The History of Afternoon Tea, a Truly British Affair.

Perhaps the most quintessential of British customs, Afternoon tea is surprisingly, a relatively new tradition. Whilst tea drinking dates back to the third millennium BC in China and was popularised in England during the 1660s by King Charles II, it wasn’t until 1840 that the concept of ‘Afternoon tea’ first appeared. It’s the seventh Duchess of Bedford, Anna, who we have to thank for the invention of Afternoon tea. Dinner was served fashionably late in her household, thus leaving a long period of time between lunch and dinner. The Duchess would become hungry around 4pm & so asked that a tray of tea, bread and butter and cake be brought to her room every day at that time. When Anna went to London, she brought the occasion with her, inviting friends to join her and soon this pause for tea became a fashionable social event & quickly received royal endorsement. Queen Victoria loved the idea and began to enjoy a daily ritual of having light cake with buttercream and fresh raspberries – later known as Victoria sponge – to accompany her precious cup of tea. By the 1880’s female aristocracy were even dressing for the occasion, changing into long gowns, gloves and hats for afternoon tea which was usually served in the drawing room.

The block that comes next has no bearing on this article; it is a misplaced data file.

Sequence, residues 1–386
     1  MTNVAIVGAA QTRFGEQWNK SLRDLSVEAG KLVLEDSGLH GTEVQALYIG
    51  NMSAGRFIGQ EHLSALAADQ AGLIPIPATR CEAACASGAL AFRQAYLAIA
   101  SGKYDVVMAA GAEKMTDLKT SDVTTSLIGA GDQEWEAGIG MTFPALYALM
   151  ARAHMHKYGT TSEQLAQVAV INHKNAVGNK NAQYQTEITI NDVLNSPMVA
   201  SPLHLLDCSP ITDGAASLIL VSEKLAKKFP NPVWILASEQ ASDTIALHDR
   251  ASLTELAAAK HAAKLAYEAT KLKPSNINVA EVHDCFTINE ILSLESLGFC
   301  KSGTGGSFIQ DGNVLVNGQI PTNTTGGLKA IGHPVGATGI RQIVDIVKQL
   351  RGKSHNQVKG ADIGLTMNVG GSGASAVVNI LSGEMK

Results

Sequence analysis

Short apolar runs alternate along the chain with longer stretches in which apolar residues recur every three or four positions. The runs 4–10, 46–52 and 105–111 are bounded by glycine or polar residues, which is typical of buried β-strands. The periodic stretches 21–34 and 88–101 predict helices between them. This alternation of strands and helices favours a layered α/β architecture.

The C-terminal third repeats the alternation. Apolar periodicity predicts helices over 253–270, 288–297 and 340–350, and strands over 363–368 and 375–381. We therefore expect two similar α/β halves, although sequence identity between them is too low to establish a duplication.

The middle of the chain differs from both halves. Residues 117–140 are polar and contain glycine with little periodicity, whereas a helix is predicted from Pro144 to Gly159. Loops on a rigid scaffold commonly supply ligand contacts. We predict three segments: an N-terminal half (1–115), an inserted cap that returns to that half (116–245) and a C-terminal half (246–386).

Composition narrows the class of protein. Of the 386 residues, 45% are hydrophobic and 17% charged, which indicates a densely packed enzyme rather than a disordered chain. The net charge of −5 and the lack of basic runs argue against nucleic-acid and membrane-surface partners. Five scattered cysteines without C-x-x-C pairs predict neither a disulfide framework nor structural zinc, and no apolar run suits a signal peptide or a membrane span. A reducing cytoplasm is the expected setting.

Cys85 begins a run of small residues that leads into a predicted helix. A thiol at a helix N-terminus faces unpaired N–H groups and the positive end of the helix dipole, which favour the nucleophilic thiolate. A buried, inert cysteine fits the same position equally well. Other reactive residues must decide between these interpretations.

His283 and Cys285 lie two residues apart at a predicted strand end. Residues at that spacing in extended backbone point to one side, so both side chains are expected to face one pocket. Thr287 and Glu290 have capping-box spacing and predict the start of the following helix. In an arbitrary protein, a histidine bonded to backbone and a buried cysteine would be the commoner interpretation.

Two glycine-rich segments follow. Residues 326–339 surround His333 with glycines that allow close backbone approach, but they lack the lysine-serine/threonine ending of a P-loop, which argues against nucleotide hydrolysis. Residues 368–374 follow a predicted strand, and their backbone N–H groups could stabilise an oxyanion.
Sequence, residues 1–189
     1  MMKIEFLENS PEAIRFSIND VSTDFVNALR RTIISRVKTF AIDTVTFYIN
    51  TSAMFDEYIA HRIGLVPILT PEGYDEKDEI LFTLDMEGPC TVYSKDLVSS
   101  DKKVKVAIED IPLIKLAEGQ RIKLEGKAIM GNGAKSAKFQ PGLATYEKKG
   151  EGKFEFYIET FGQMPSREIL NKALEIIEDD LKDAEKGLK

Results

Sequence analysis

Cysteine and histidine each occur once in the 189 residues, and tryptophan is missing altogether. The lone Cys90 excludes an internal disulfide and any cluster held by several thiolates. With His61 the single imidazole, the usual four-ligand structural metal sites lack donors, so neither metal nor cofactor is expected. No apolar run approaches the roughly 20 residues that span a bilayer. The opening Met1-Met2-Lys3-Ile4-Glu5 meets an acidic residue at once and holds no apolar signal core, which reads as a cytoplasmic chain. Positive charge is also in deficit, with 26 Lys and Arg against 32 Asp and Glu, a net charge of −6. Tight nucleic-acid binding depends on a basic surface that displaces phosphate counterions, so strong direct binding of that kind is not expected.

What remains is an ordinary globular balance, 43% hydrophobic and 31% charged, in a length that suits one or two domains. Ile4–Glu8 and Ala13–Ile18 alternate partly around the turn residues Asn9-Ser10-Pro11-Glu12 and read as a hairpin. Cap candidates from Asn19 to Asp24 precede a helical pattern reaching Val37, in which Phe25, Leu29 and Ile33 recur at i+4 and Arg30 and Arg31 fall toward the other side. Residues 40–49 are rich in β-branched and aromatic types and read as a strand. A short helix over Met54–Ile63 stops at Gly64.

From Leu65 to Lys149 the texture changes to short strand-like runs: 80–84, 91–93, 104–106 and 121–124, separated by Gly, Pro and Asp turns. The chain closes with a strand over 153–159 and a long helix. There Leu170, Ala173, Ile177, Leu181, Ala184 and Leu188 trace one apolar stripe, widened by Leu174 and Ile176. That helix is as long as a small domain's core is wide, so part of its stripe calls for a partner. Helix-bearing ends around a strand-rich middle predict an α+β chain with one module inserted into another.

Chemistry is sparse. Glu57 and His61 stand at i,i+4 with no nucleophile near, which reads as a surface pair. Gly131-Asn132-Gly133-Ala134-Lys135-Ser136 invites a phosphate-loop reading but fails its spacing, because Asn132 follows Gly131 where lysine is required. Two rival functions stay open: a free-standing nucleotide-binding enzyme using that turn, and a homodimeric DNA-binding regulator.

During the Edwardian period, taking tea 'At Home' faded as the desire to travel increased. New tea lounges in luxury hotels & tea gardens quickly sprang up everywhere serving Afternoon tea at four o' clock.
The two World Wars radically changed the taking of Afternoon tea, especially with tea rationing continuing into the 50's but the custom did survive until well into the mid-20th century. However, as the British began their love affair with coffee shops, Afternoon tea was reduced to a tourist pursuit & reserved for special occasions.

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